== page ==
I hit the trail at noon, the cool and sunny high altitude position of Big Bear was very pleasant to kick the next section, there was ample flowers and some new plants and trees to enjoy as the trail gently weaved its way just north of the lake itself, with some intermittent views highlighting that even up here, Big Bear lake is obviously a lot smaller than it used to be, the drought obviously affecting the area hugely.
Given the late hour that I started on the trail, I resolved to hike through to 8pm tonight and try to make up for lost time during the transfer from Ziggy and the Bears. I would see how far I could advance, hopefully not less than 20miles but I’m still trying to pin down a consistent estimation framework for my daily mileage vs altitude gain/loss. My success at doing this has been abysmal thus far and the source of some personal conjecture along the way. I do have lots of time to ponder silly questions these days! I’ve surmised that humans are bound to making enormous errors in underestimation regarding well bounded tangibles whilst being massively inaccurate in overestimating anything with some ambiguity. This seems to match my experience at work, in delivering complex technology solutions, not just on the trail!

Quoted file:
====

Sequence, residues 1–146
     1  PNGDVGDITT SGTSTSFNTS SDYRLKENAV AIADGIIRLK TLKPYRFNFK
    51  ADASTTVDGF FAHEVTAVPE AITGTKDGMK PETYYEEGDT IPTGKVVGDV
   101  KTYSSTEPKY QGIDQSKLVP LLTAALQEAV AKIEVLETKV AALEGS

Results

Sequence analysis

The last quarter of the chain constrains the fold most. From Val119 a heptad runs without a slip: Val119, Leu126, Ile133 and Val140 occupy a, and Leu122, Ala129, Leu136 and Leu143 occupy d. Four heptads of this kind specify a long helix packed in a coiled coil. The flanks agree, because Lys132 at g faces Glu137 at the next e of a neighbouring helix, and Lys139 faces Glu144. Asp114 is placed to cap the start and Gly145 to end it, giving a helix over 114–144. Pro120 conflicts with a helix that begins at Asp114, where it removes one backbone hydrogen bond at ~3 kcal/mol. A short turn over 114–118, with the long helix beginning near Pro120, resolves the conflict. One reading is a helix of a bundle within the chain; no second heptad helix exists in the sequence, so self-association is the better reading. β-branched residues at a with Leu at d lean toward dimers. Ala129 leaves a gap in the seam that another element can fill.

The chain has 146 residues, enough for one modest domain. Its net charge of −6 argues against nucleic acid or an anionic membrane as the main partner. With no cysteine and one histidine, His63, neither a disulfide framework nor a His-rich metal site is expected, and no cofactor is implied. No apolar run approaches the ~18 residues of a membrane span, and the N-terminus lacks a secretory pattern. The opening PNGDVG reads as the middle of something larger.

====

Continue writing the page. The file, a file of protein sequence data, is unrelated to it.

The trail evolved this afternoon, and adding to the changes of the day, I entered a burn area of such immensity as to be quite shocking and saddening. Forest fires are a natural process but years of holding off fires over decades or forestry protection and management means that today’s fires are much higher in intensity and scale than ordinarily would occur. Add a drought and tinder-dry forests and it’s a recipe for significant fires. I walked for 8-10 miles today inside a burn area. Every view, in every direction, was of empty hillsides, scarcely a blackened trunk standing, with twisted contorted branches literring the ground and the soil all but turned to ash.
Here and there natures resurgence could be seen, as colorful flowers and bushes reached out of the scarred earth, however their happy demeanor was not sufficient to quell the simple awe inspiring devastation of the area. It’s scale difficult to comprehend even though it was laid out beneath a beautiful sunset ahead.
By 8pm and with a tired and weary body, as well as an innate sadness from the views around me, I turned in for the night by a pretty sandbar, hoping tomorrow would maybe include a few less forms of transportation, and some further understanding of this new and alien landscape that was surrounding me. I decided to get experimental with my cuisine and created a hiker-trash masterpiece – Mexican rice out of a packet, with slices of Vermont Smoke and Cure Pepperoni, some cracked up Doritos, all contained in a wheat burrito. Delicious!